Gap between passion and revenue – comment – Gap between passion and revenue
May 23, 2008. Carol Goar

Expectations are running high. Revenues are running low. And Premier Dalton McGuinty has decreed that there will be no deficit and no tax increases.

Yet Deb Matthews, who heads the cabinet committee drafting Ontario’s poverty reduction strategy, is defiantly sanguine.

“There’s no question that the fiscal reality is going to be a lot tighter,” the minister of children and youth services says. “But I’m not discouraged by that one little bit.”

Matthews is either putting on a brave show or she’s convinced herself that she can make great strides with little cash.

A recent conversation with the minister – in a coffee shop with no aides or tape recorders – suggested that her optimism is real.

Not once did she express doubt about her ability to deliver an ambitious plan. Not once did she display concern that anti-poverty activists, who have set their sights on a 25 per cent reduction in the poverty rate within five years, might be disappointed. Not once did she acknowledge that her strategy would be less sweeping than the premier’s rhetoric. (“This is a huge issue for us,” McGuinty told voters last fall. “The Liberals are the only party to have committed to a comprehensive poverty reduction strategy.”)

Matthews did not want to talk about targets or money. She focused instead on the success stories she’s been hearing on her 13-city consulting tour and the importance of coming up with the right tools to measure poverty and progress.

But over the course of 45 minutes, several broader themes did emerge:

She will present Ontarians with a long-term poverty reduction strategy, not a quick action plan. “Some things might have to wait, no doubt. But once I articulate the vision and first steps, we can fight over how fast we’re going to go.”

She will resist any attempt to link the strength of her government’s commitment to the size of its financial outlay. “Even if there was unlimited cash, we’d still need a road map to reduce poverty.”

She will outline a process to convert the current hodgepodge of programs – many of which reflect bureaucrats’ preconceptions, not clients’ needs – into a poverty reduction plan that wraps services around people. Matthews is tired of hearing from single mothers who have taken four or five resumé writing courses.

She will replace the commonly accepted yardstick of poverty – income level – with an array of indicators. They will include high school graduation rates, preschool readiness to learn (McMaster University has devised an early development index) and number of social assistance recipients moving into the workforce.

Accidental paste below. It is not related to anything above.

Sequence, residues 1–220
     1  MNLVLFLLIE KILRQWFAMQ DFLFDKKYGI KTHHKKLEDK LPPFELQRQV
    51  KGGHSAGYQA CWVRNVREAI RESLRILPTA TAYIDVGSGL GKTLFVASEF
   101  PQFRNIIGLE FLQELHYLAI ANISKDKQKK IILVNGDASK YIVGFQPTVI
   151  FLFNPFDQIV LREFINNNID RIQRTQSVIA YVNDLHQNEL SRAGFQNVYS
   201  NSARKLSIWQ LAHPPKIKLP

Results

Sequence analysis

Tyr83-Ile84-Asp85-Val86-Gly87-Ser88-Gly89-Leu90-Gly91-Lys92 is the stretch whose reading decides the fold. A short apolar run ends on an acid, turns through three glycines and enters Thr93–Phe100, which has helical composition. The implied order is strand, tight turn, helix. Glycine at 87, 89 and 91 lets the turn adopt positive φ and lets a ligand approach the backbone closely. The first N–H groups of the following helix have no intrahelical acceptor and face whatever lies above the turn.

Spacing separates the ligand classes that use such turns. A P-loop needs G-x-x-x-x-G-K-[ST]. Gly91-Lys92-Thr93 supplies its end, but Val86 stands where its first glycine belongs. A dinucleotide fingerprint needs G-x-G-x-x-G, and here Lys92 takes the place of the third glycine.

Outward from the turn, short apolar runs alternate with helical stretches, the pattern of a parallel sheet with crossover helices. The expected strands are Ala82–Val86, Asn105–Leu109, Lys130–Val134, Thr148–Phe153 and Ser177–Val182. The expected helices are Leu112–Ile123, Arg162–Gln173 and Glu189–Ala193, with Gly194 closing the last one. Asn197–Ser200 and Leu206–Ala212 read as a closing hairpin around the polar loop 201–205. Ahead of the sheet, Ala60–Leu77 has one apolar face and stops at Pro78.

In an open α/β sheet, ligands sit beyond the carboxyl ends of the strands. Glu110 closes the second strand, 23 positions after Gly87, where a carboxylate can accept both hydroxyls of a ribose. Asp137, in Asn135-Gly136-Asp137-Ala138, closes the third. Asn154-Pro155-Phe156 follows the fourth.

Matthews went to great pains to dispel the impression that the province-wide consultations she is conducting this month and next are closed to the public.

She has asked local organizers in each community to ensure that one-third of the participants at each session actually live in poverty. She invited protesters at several venues to join the discussion. She has spent the evening, in most cities, at a drop-in centre or women’s hostel or homeless shelter.

“The social agencies probably are overrepresented,” Matthews allows. “But the best contributions are coming from the low-income participants.”

Left unsaid is that she simply doesn’t have time for open-ended debate. With a year-end deadline, Matthews has to move from the listening phase to the prescription phase within weeks.

She senses that Ontarians are open to proposals they might not have accepted a few years ago. “I think we’ve graduated. There’s an understanding that poverty is very expensive when you really add up the costs. There’s a genuine awareness that some people on the margins don’t need to be.”

Matthews does walk the talk.

Unlike most politicians, she has spoken to hundreds of low-income Ontarians. She has fought for better housing and social services since she was elected in 2003.

But there has always been a gap between her passion and her government’s programs.

Given the slowing economy and McGuinty’s balanced budget dictum, it is hard to see how Matthews will close it.

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